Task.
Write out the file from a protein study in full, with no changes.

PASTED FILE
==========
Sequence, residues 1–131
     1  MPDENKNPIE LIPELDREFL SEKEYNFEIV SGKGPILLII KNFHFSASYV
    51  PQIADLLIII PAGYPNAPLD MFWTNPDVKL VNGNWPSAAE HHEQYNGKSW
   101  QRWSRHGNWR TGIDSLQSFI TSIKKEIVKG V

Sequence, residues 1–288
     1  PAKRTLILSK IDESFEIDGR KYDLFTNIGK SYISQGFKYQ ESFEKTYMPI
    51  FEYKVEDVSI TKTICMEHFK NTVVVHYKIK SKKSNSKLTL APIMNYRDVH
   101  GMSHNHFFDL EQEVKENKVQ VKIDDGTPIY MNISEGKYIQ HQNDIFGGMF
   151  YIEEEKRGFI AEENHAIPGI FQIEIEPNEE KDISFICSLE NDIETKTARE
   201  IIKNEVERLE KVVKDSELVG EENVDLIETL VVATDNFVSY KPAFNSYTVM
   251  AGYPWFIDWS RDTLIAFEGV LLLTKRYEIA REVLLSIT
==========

Sequence, residues 1–131
     1  MPDENKNPIE LIPELDREFL SEKEYNFEIV SGKGPILLII KNFHFSASYV
    51  PQIADLLIII PAGYPNAPLD MFWTNPDVKL VNGNWPSAAE HHEQYNGKSW
   101  QRWSRHGNWR TGIDSLQSFI TSIKKEIVKG V

Sequence, residues 1–288
     1  PAKRTLILSK IDESFEIDGR KYDLFTNIGK SYISQGFKYQ ESFEKTYMPI
    51  FEYKVEDVSI TKTICMEHFK NTVVVHYKIK SKKSNSKLTL APIMNYRDVH
   101  GMSHNHFFDL EQEVKENKVQ VKIDDGTPIY MNISEGKYIQ HQNDIFGGMF
   151  YIEEEKRGFI AEENHAIPGI FQIEIEPNEE KDISFICSLE NDIETKTARE
   201  IIKNEVERLE KVVKDSELVG EENVDLIETL VVATDNFVSY KPAFNSYTVM
   251  AGYPWFIDWS RDTLIAFEGV LLLTKRYEIA REVLLSIT